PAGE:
There are too many issues surrounding the Caltrans plan to widen Highway 99 from Ashlan Avenue in Fresno to Avenue 7 in Madera County to cover in just one blog post. This is the third and last in a series of posts that document the Island Park Six-Lane Project and offer my views on the substantial negative impacts this project will have on our nonprofit 501(c)3 Fresno Aquarium project and my beloved hometown since 1979…
During the process of implementing the San Joaquin River Settlement, there have been a series of meetings held to determine the course of action to restore the river and bring Chinook salmon spawning runs back to the stretch of the river that flows through Fresno. I had the pleasure of attending a number of these meetings and was impressed by the thought and planning of fisheries professionals that has gone into this process. A tremendous amount of time and government (read: taxpayer) expense has been dedicated to this restoration process, but this doesn’t seem to matter much to Caltrans as it plans its new Highway 99 freeway bridge over Reach 1 of this historic effort.
The FHWA (Federal Highway Administration) is very specific in its National Highway Runoff Data and Methodology Synthesis (2003) when it comes to how state transportation agencies (STAs) should conduct their studies when it comes to constituents in freeway runoff, especially when such runoff flows directly into environmentally sensitive waters such as the San Joaquin River. FHWA’s data quality objectives (DQOs) process is designed to help weigh the costs of data acquisition against the consequences of a decision error. In the Island Park Six-Lane Project Technical Studies, Caltrans simply states that as long as best management practices (BMPs) are followed, no significant impact would occur from the runoff expected to be generated by the new six lane freeway bridge over the San Joaquin River adjacent to the future Fresno Aquarium property (see photo above). Unfortunately, Caltrans cites no actual studies nor identifies what chemicals the runoff from this project might consist of. Caltrans states that its new retention basins to be sited next to the river will mitigate any impacts to the river even though the designs and required sizes of these retention basins are not provided nor analyzed.
To demonstrate that water-quality data are valid and technically supportable, FHWA requires sufficient documentation to prove that the data are meaningful, representative, complete, precise, accurate, comparable, repeatable, and admissible as legal evidence (Alm and Messner, 1984; FHWA, 1986; ITFM, 1995a, 1995b; USEPA, 1997).
FHWA’s DQOs process is intended to help weigh the costs and beneﬁts of local short-term monitoring requirements against regional and national long-term information needs, but FHWA also stresses that monitoring activities need to be improved and integrated to meet the full range of local, regional, and national information needs more effectively and economically (ITFM, 1995a).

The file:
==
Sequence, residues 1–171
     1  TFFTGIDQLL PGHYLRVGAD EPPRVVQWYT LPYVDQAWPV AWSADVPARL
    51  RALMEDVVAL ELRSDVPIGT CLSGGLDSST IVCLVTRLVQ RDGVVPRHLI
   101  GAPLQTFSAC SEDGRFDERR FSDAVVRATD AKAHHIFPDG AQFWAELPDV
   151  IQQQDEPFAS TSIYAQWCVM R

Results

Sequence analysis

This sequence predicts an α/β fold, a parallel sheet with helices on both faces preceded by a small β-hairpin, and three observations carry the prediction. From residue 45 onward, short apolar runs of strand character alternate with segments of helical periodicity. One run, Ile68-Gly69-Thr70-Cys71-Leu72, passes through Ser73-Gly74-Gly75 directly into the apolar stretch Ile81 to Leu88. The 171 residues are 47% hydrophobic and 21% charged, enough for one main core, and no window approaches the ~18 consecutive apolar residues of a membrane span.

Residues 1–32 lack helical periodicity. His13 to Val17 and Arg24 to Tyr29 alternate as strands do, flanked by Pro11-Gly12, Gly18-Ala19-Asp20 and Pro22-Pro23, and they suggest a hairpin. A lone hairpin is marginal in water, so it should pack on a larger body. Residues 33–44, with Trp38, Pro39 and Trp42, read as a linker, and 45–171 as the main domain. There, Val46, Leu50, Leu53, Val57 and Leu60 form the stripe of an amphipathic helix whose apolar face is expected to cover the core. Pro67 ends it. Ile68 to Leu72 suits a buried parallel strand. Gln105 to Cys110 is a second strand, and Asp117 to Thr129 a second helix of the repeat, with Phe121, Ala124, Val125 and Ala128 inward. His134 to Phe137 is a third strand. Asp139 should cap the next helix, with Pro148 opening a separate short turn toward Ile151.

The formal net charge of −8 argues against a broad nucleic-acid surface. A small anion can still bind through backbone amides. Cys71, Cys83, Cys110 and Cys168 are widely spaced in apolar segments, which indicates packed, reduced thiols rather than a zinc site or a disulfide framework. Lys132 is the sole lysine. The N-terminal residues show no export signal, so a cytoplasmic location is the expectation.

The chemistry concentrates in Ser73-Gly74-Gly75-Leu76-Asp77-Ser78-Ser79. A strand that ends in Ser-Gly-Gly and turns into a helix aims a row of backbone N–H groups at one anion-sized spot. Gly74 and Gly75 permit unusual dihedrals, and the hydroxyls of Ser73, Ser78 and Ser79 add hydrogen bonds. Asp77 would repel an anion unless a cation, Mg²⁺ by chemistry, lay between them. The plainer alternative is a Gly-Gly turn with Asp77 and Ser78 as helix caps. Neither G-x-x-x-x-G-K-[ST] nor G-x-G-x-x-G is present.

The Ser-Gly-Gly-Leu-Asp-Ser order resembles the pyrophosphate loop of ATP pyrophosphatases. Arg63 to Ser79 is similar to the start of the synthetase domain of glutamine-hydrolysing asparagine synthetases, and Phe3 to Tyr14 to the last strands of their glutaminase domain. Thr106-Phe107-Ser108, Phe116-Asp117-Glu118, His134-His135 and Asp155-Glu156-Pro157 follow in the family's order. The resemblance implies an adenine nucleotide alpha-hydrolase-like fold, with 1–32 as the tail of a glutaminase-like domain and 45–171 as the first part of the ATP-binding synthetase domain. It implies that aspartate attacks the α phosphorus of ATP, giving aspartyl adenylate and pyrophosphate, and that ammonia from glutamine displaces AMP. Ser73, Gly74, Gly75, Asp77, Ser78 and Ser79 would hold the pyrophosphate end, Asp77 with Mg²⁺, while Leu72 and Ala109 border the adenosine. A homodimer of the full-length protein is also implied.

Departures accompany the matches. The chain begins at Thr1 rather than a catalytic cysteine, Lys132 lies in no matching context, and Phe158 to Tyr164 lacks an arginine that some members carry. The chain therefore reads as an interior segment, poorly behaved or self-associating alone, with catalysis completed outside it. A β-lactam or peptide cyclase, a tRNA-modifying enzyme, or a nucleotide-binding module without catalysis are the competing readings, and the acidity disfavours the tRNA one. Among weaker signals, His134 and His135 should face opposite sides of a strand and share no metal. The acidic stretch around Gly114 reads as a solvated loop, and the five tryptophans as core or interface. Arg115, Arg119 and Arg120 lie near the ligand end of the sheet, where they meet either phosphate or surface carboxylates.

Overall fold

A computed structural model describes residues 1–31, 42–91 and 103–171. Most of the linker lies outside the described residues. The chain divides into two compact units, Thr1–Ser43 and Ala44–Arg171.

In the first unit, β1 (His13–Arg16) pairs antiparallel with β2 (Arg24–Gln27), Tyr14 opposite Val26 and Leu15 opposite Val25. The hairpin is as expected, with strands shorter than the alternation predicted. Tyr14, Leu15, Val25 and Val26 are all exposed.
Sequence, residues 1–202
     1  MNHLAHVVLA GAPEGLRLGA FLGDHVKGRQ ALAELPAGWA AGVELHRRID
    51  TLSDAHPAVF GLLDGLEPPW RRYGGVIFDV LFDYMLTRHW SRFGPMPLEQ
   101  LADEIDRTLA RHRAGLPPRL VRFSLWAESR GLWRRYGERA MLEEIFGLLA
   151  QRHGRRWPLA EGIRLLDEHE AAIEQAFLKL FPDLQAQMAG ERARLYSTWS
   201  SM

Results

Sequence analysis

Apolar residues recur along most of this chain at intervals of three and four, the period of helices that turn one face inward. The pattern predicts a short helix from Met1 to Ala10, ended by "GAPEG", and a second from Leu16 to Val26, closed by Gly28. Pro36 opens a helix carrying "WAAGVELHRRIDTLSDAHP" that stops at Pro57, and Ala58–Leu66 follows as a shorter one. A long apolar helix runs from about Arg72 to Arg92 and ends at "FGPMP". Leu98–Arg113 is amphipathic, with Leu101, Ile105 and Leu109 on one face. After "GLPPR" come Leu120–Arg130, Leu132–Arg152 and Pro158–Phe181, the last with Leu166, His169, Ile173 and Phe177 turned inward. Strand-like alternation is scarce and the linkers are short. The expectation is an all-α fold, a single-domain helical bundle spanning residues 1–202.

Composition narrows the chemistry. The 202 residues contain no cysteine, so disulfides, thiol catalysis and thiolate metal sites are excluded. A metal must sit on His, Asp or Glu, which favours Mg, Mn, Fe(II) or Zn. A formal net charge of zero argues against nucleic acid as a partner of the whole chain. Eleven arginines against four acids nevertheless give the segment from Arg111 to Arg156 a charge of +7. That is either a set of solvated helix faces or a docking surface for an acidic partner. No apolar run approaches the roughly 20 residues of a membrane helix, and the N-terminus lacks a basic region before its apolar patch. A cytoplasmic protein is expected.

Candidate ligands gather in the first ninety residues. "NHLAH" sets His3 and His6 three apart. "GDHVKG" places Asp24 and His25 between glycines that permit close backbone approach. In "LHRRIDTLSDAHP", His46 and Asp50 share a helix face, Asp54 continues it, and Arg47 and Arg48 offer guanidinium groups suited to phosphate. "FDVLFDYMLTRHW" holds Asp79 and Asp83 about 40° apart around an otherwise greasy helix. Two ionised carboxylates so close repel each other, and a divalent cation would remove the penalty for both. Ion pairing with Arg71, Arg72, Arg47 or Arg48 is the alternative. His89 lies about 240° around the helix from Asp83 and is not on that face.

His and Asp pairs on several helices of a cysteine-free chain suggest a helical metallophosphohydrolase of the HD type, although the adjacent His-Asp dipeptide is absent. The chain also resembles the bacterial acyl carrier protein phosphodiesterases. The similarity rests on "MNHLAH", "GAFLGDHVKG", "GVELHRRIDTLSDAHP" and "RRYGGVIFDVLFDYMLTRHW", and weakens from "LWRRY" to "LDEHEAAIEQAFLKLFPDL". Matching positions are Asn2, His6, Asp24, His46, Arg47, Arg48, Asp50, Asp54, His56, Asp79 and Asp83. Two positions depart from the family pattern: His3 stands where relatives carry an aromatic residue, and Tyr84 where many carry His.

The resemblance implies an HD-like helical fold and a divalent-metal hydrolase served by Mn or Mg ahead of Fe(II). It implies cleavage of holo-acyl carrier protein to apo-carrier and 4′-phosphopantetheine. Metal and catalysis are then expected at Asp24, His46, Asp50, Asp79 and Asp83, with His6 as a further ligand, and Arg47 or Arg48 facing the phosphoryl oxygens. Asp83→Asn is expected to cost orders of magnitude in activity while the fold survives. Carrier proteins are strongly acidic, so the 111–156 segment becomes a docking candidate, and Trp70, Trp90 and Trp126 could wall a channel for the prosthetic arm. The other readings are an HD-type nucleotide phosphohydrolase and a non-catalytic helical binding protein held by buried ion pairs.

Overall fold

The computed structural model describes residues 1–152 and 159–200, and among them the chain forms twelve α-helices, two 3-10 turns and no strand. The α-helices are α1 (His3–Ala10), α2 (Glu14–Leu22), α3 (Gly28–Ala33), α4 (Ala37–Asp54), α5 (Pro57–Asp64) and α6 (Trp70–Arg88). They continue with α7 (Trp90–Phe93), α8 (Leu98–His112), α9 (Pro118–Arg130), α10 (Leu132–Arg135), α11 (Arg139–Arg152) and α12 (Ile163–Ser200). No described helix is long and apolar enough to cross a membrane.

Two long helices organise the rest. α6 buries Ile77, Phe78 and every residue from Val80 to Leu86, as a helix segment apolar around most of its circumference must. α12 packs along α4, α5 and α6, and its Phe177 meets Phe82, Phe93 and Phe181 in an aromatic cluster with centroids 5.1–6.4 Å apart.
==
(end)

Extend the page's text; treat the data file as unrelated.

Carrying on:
Caltrans highway construction division has recently been criticized by California’s Legislative Analyst’s Office for its inefficiencies and overstaffing. With the majority of Caltrans environmental work being performed by outside consultants to expedite project delivery, the resulting lack of oversight often results in environmental corners being cut, cookie cutter approaches to wide ranging regional issues and bureaucratic unresponsiveness due to Caltrans personnel relying too heavily on these hired guns for the preparation of their environmental documents.
In the DQOs process, FHWA characterizes decision errors as Type I or Type II errors. Caltrans, stuck in a system that relies on outside consultants, has a much greater chance of making a Type II error than a Type I error. Let me explain.
A Type I error occurs when a determination is made, on the basis of available data, that problems exist when they do not really exist and a Type II error occurs when real problems exist but the determination is made, on the basis of available data, that no problems exist. A paid consultant who comes up with too many problems that end up not being real (Type I) simply won’t be a paid consultant for long, but one that simply doesn’t provide data (and therefore doesn’t find/disclose any problems) will have success in delivering projects for Caltrans quickly and will therefore be rewarded future contracts again and again.
But, there are serious problems associated with state transportation agencies attempting to avoid study of real project impacts. According to FHWA, consultants who substantially underestimate concentrations, loads, and the impacts of highway runoff pollutants—a Type II error— can actually cause worse problems down the line, subject their client (Caltrans) to high corrective costs, and negatively affect public perceptions about the veracity of environmental information provided by transportation agencies. Discovery of large prediction errors during the planning, design, and construction phases of a highway project could increase costs beyond project budgets. Type II errors discovered while monitoring runoff from a highway once it is in operation could result in regulatory actions, ﬁnes, and costs associated with additional BMPs.
Bottom line here – Caltrans may think they are the kings of Project Delivery, but if enough people call them on their lack of study of very real substantial impacts and how this lack of study negatively impacts the environment in addition to the the daily lives of California citizens Caltrans is supposed to serve, we may be able to force this state agency to reform its practices and take responsibility not only for Project Delivery, but also for following the guidelines established by the FHWA for the protection of our Nation, our aquatic resources and the motoring public.